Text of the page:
Why have the Brexit fronts hardened?
London and the EU are at an impasse in the Brexit negotiations. At the summit in Salzburg the leaders of the other 27 member states rejected British Prime Minister Theresa May's Brexit plan. Commentators see the EU adopting an uncompromising stance - but not all of them want the two sides to reach an agreement.
We British must escape EU's cold grip
London must not give in, The Sun urges:
“All they have is the chance to punish us, and prove to the rest of the continent that it isn't worth leaving. The message they want to send? You won't get away with it. Well, Mrs May is right to say that we've nothing to be scared of. Yes, it is without doubt that we need to pick up the pace on preparations for a clean-break Brexit. It is vital we show the European Union, who still seem to think we'll roll over when it really matters, that we are ready for a new future free of their cold, dead hands.”
Macron wants to set an example
Emmanuel Macron is doing everything he can to ensure that the EU remains firm vis-à-vis London, according to La Repubblica:
“A meeting aimed at educating the 27. That, in short, is Macron's stance towards the British government. In the complex negotiations with the EU the French president immediately assumed made himself the spokesman of the most intransigent faction. ... 'You're either out or you're in', Macron repeats at every opportunity. Yesterday he was even more direct when he declared the plan presented by Theresa May at the Salzburg summit as 'unacceptable' and urged the EU not to make any compromises. An almost punitive stance that has a precise goal: to dismantle the propaganda of the nationalist movements that are toying with the idea of an exit from the EU.”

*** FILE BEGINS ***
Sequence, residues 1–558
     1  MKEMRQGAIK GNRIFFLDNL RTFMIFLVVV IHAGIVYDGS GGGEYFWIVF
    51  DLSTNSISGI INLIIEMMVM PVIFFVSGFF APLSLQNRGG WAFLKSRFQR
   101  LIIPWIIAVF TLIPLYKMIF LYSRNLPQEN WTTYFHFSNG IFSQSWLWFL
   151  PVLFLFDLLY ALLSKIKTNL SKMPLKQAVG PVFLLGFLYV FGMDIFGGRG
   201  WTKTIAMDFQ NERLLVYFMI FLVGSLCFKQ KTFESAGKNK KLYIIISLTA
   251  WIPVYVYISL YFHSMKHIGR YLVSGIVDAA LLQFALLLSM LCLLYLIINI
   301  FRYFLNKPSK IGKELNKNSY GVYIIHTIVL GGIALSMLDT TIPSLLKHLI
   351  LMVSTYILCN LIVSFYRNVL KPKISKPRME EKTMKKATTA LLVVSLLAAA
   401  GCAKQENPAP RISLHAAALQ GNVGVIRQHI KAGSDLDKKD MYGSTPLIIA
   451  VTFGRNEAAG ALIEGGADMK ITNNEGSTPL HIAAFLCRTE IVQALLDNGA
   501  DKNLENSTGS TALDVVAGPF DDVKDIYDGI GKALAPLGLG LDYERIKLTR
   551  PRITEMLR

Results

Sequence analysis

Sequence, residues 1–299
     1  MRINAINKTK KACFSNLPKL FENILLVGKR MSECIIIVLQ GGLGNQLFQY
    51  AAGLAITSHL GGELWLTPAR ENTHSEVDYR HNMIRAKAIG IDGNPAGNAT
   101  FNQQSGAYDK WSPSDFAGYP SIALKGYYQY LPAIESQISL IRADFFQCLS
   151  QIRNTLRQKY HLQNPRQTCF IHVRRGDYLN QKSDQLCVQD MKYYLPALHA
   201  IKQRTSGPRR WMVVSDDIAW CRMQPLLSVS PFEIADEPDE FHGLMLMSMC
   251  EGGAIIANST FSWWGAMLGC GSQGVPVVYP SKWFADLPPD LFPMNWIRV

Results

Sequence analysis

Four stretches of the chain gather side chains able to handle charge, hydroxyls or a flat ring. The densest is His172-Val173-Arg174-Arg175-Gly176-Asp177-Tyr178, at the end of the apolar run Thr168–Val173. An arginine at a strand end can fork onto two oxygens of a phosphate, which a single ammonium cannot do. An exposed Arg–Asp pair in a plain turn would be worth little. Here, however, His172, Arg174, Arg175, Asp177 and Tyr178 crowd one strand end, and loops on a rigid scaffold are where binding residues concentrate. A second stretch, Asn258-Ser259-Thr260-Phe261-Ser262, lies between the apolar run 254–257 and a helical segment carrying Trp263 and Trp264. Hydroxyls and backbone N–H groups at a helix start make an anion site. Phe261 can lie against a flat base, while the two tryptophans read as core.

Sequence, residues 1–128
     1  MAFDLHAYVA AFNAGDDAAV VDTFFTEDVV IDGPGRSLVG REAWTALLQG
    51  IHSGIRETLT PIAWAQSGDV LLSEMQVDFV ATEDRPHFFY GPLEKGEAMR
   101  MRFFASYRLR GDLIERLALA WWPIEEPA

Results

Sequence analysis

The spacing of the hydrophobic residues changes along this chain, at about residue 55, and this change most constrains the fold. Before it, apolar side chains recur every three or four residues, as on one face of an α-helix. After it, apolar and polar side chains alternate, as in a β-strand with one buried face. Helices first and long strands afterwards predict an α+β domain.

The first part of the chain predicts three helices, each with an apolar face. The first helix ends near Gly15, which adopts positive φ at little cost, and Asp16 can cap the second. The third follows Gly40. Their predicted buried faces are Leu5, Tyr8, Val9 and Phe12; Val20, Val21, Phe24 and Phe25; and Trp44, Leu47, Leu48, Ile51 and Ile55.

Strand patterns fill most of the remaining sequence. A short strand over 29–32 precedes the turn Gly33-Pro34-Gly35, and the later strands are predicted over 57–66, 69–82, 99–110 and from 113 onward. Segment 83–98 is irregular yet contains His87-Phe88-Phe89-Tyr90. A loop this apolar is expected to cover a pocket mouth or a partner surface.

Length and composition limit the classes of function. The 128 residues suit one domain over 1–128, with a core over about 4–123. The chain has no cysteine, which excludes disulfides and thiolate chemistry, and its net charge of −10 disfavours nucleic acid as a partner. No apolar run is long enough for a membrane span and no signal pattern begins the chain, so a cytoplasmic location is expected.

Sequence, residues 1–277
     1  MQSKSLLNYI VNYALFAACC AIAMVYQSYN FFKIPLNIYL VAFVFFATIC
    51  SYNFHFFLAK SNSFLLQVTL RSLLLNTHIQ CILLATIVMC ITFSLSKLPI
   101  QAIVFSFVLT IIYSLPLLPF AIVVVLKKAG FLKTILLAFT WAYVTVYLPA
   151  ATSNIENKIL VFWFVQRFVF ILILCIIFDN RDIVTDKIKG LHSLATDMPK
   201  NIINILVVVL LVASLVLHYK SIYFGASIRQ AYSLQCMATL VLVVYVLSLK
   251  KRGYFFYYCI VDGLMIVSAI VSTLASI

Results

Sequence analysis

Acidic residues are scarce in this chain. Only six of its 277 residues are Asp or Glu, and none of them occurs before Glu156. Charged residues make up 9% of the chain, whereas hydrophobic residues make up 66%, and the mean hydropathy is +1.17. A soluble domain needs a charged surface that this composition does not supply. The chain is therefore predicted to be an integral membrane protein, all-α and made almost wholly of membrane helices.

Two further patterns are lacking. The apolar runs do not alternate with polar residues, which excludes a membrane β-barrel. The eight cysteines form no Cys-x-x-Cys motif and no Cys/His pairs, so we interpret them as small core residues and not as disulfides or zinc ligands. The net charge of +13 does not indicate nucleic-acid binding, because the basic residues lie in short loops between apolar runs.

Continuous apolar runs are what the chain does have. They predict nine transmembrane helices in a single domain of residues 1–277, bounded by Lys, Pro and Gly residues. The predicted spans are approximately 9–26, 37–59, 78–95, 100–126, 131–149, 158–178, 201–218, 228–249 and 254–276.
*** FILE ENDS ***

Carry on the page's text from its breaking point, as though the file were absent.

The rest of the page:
Peace is the main goal
In this complex situation both sides must keep sight of one goal, La Croix warns:
“There is one important reason why we should do our utmost to reach a satisfactory agreement with London. In a world that is rife with conflict, it is all the more important that the European continent should remain a continent of peace. That goes particularly for relations between Northern Ireland and the Republic of Ireland. The successes chalked up there in terms of de-escalation over the past 20 years must not be in vain. Theresa May seems to have understood this, because she left Salzburg on Thursday with the announcement that her government would soon present the Europeans with a new proposal for the Irish border.”
Time running out for May
May's leeway is getting smaller by the day, editor-in-chief Màrius Carol notes in La Vanguardia:
“She doesn't have many more days to change her concepts because she needs to have a new plan ready by the end of October. The EU has started the countdown. The future of the United Kingdom is at stake because a no-deal exit would be a catastrophic, but the same can be said of May. Her former, anti-European foreign secretary Boris Johnson said farewell to the prime minister in London telling her that here plan was a suicide vest, with the trigger in the hands of the EU. With friends like that you don't need enemies.”